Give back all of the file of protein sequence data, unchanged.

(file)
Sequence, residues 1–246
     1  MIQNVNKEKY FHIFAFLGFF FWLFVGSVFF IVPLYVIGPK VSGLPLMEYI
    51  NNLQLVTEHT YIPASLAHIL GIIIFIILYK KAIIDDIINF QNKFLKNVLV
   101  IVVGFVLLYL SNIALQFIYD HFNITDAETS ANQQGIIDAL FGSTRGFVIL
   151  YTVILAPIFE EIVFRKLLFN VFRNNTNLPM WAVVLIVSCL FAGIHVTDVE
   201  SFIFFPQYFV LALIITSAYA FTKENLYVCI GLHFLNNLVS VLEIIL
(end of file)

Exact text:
Sequence, residues 1–246
     1  MIQNVNKEKY FHIFAFLGFF FWLFVGSVFF IVPLYVIGPK VSGLPLMEYI
    51  NNLQLVTEHT YIPASLAHIL GIIIFIILYK KAIIDDIINF QNKFLKNVLV
   101  IVVGFVLLYL SNIALQFIYD HFNITDAETS ANQQGIIDAL FGSTRGFVIL
   151  YTVILAPIFE EIVFRKLLFN VFRNNTNLPM WAVVLIVSCL FAGIHVTDVE
   201  SFIFFPQYFV LALIITSAYA FTKENLYVCI GLHFLNNLVS VLEIIL